Design Engineering

Toronto’s Aerovelo bike breaks world human-powered speed record


General AeroVelo

Held September 12-16, 2016, in Nevada, the World Human Powered Speed Challenge draws designers from around the world.

Aerovelo has pushed the limits of its “Eta” vehicle to break the human-powered speed record, reaching 89.59 mph (144.17 km/hr).

Aerovelo Eta Robertson ReichertThe Toronto-based company competed at the World Human Powered Speed Challenge in Battle Mountain, Nevada. Aerovelo had previously set the world record in 2015, reaching speeds of 86.65mph / 139.45kph. However, with some modifications and adjustments, the team upped their game at this year’s event.

Co-founders Todd Reichert and Cameron Robertson, both University of Toronto Engineering graduates, have been developing the world’s fastest bike for the past six years.

Analysis of the vehicle performance showed that Eta requires less than 198 watts of pedal power at 90 km/h, which translates to a 9,544 MPGe highway fuel efficiency. This is the highest per-passenger MPGe of any existing transportation technology at this speed.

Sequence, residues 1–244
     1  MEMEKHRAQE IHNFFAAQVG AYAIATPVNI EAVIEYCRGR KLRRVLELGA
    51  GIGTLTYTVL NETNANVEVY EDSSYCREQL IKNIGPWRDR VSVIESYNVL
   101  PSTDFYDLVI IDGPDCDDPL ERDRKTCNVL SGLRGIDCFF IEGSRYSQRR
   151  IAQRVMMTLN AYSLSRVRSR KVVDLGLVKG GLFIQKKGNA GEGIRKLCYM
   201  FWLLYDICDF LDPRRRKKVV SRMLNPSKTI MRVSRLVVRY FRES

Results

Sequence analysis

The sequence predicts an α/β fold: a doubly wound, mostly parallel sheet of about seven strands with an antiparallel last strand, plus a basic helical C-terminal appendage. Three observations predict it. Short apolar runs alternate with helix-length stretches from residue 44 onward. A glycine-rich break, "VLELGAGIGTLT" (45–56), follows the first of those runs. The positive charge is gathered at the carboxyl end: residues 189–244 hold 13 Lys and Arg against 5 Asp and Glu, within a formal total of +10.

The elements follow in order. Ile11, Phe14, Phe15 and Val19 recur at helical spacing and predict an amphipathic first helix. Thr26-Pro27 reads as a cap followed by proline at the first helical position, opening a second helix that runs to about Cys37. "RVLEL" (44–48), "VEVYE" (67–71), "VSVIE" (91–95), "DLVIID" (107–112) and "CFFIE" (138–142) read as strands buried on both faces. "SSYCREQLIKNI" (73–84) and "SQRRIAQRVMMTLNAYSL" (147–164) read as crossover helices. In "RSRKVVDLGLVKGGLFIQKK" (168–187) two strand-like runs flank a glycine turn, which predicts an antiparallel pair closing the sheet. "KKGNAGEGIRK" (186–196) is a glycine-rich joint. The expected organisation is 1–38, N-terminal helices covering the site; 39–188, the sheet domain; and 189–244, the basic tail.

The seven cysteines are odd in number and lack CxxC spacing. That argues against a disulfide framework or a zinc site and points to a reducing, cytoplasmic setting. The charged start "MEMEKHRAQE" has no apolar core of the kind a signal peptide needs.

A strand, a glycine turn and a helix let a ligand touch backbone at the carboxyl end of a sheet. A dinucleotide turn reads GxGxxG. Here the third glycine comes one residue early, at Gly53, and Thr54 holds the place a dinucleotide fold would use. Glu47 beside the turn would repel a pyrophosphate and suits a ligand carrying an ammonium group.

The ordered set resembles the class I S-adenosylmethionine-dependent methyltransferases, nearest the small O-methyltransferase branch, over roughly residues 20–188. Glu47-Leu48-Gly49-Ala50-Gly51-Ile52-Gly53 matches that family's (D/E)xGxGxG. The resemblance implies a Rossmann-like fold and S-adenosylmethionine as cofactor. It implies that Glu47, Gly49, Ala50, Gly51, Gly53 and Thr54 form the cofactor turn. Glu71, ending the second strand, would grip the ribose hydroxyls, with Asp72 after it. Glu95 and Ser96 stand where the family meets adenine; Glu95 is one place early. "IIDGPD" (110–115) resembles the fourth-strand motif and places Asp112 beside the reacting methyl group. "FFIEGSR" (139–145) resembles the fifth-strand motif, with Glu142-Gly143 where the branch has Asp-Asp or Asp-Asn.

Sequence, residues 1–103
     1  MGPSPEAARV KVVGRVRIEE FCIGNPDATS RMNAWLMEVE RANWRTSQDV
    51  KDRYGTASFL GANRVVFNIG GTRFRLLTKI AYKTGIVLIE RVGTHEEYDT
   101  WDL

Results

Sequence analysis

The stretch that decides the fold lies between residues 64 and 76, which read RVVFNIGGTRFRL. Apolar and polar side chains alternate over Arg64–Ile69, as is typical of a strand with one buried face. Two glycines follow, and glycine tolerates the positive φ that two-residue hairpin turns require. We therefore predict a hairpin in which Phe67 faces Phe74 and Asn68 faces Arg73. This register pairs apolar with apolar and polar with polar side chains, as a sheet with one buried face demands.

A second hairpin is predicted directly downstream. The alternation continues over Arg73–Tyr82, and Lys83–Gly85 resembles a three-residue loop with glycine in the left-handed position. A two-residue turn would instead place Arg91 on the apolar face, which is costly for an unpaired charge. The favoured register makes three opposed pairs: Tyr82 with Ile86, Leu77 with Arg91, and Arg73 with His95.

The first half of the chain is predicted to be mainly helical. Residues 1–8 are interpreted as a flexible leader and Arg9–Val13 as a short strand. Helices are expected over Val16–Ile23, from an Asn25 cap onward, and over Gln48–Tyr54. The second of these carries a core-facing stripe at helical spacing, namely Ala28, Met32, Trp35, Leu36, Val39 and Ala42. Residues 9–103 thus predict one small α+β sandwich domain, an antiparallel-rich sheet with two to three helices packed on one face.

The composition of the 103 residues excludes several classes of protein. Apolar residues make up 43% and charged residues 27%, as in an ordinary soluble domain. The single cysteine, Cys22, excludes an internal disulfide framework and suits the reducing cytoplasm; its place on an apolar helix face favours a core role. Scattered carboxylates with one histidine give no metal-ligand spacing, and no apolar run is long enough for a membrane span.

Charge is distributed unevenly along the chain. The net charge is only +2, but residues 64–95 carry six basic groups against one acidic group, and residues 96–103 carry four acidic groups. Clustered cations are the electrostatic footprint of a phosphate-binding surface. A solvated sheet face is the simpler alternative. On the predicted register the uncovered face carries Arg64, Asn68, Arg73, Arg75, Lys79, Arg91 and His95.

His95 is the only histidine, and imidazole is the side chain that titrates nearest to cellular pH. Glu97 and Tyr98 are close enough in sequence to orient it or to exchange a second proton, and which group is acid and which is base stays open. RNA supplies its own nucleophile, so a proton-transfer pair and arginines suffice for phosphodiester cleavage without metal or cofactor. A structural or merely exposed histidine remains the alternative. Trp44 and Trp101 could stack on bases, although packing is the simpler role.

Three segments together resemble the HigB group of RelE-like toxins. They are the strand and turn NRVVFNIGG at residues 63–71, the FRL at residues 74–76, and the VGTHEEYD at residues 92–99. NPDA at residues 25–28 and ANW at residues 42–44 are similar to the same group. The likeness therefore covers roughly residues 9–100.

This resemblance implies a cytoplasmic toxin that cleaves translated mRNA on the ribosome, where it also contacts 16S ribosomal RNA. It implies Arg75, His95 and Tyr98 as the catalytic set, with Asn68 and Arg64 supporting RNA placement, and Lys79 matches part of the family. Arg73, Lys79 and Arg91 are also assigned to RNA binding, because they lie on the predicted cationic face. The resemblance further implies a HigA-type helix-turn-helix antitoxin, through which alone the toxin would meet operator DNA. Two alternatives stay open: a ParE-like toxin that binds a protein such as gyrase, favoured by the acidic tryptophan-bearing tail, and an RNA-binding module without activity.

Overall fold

“The efficiency of this vehicle seems impossibly high: it’s a powerful example of the massive change we can achieve with existing technology in the near future,” explains Robertson. “Eta’s performance is a testament to the passion and engineering the team devoted to this endeavour, and showcases what can be achieved when we seek to do more with less.”

Aerovelo ETA

Photo courtesy of BDM.

Reichert powered Eta to the human-powered world record during this year’s event. He was able to achieve 88.26 mph/142.04 kph on September 14th, 2016 and 89.59 mph/144.18 kph on September 18th, 2016.

“It’s an unbelievable feeling to be riding in something that efficient,” adds Reichert. “It cuts through the air with such little resistance, and before you know it, you’re cruising at highway speeds on nothing more than your own power. When you realize that this is the same amount of power it takes to light up a few light bulbs, it’s truly mind blowing.”

The World Human Powered Speed Challenge draws designers and athletes from around the world to test their high-tech speed bikes on highway 305 – the straightest, flattest, smoothest road surface in the world. The international Human Powered Vehicle Association (IHPVA) sanctions all records.

Eta is sponsored by Google, which has allowed Reichert and Robertson to focus full-time on the bike. The project also received funding and support by other sponsors including The University of Toronto, GMC, Paterson Composites, Visual Unity and many others.


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